Guest Post by David Henry Hwang
It is generally known that the lead roles in the play for which I'm best known, M. Butterfly, were originated by two amazing actors, John Lithgow and B.D. Wong. They blessed my work with their iconic performances on Broadway in 1988. However, my play might have had quite a different trajectory. Originally cast in the Lithgow role was another legendary actor, whose death was announced earlier today: Gene Wilder.
Best known for his immortal comic turns in movies like Willy Wonka and the Chocolate Factory, Young Frankenstein, The Producers and Blazing Saddles, Gene was originally offered the role of Rene Gallimard, the French diplomat who carries on a 20 year affair with a Chinese actress, who he later discovers to be a man. Gene had started in theatre, but hadn't appeared on Broadway since the early-1960s, after which he'd become a movie star. Yet this part apparently intrigued him enough that he agreed to take it on.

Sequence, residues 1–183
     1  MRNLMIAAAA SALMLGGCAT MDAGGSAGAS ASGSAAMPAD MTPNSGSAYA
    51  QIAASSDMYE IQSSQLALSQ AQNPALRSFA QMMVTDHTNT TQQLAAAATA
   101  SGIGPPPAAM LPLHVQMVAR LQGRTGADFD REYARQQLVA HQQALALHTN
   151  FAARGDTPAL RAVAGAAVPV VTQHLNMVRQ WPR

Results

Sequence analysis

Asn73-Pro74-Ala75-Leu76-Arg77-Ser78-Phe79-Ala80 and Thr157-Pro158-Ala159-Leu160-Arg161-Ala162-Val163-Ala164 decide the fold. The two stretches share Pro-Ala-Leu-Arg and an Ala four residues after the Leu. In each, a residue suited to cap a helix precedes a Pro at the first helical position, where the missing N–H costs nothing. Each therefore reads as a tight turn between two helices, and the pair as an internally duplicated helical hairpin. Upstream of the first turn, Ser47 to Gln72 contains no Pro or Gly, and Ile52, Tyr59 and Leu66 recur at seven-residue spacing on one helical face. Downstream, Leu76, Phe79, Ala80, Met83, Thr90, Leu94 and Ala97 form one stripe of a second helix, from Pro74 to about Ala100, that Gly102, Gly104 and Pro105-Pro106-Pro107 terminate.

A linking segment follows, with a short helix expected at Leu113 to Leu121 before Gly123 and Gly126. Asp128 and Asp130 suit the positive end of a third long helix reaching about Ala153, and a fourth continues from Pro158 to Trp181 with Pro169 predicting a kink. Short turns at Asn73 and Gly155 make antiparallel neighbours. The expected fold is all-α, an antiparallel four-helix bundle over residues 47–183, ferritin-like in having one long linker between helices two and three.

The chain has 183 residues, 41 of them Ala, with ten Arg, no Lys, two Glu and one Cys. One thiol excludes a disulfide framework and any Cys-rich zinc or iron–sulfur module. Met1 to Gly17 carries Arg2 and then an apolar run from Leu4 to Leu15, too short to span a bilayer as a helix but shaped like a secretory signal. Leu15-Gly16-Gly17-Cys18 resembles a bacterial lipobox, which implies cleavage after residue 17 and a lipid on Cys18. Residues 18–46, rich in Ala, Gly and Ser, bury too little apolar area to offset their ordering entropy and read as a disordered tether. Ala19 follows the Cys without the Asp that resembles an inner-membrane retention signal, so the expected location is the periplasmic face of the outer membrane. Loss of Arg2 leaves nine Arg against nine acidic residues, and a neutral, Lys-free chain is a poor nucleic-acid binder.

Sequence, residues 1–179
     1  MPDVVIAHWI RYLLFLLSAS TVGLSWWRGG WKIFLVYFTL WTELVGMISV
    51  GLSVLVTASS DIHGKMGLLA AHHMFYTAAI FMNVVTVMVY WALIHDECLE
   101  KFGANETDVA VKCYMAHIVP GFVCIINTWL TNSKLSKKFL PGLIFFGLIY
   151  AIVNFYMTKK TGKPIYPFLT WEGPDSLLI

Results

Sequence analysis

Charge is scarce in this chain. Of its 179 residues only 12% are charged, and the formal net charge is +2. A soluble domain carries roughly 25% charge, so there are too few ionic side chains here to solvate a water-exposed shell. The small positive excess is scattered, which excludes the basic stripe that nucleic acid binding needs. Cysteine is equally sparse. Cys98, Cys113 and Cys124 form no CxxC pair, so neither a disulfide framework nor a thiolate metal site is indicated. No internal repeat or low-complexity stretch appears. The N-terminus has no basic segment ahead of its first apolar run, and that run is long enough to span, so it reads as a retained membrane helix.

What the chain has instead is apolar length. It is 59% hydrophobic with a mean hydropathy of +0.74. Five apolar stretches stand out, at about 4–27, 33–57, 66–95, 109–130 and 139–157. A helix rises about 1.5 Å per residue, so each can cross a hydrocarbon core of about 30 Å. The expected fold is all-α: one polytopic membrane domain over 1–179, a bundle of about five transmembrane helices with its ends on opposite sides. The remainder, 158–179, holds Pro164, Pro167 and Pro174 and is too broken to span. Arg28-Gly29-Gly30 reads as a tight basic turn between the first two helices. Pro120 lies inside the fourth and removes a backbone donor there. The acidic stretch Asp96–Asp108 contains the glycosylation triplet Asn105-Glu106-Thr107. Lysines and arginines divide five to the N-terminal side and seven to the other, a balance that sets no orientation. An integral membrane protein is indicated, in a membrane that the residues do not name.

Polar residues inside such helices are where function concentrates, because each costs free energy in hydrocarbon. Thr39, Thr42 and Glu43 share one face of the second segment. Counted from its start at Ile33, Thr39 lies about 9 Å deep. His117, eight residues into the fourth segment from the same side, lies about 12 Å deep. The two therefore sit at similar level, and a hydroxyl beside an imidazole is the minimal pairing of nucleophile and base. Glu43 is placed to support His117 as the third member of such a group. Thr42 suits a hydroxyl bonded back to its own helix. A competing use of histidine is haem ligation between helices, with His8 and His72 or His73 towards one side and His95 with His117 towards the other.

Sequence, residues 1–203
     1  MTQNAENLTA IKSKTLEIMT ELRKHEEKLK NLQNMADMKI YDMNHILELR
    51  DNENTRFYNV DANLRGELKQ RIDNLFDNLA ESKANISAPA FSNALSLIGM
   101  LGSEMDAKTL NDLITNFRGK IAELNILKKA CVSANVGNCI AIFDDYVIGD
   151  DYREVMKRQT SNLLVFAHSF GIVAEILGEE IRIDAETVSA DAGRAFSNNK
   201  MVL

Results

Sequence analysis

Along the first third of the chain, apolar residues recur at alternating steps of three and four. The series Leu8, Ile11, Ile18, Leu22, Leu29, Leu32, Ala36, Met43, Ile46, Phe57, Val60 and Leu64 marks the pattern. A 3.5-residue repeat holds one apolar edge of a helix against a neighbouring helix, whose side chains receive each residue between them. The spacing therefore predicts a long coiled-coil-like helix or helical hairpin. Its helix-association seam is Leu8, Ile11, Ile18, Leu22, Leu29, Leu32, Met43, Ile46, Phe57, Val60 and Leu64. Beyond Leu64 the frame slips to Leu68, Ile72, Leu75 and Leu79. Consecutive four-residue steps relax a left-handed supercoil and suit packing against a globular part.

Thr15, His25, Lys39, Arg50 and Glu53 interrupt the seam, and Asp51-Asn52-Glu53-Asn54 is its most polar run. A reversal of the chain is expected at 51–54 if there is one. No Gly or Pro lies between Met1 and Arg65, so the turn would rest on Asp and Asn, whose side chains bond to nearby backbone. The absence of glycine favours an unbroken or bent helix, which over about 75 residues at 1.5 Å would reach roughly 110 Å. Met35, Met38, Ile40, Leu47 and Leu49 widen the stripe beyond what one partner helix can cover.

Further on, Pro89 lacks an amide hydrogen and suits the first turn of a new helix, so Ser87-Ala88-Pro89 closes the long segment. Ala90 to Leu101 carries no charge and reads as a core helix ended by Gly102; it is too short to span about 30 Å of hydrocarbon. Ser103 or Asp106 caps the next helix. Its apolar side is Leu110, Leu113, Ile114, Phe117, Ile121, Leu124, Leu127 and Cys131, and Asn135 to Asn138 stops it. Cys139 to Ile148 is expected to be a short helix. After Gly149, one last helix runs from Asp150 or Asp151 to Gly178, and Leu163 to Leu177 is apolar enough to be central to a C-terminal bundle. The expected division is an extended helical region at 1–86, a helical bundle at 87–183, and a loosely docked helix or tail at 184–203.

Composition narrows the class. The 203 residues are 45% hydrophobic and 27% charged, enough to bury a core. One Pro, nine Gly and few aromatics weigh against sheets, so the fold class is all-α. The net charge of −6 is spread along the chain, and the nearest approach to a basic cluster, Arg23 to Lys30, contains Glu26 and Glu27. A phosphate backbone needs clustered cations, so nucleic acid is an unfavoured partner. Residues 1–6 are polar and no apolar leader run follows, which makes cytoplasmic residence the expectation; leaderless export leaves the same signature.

Gene had some reservations about the script, though, so my producer Stuart Ostrow and I were privileged to enjoy several meetings with him at his home in Los Angeles. Always kind and generous, meticulous and probing, with a keen intelligence, he struggled with the fact that Gallimard serves both as my play's narrator, and one of its two major characters. "I don't know how to be 'Gallimard' and the 'Stage Manager' at the same time," he would declare, referencing the narrator character in Thorton Wilder's classic Our Town. We went back and forth debating, while all the time, a little voice in the back of my head was going, "This is so cool! I'm talking about my play with 'Dr. Fronkensteen!'"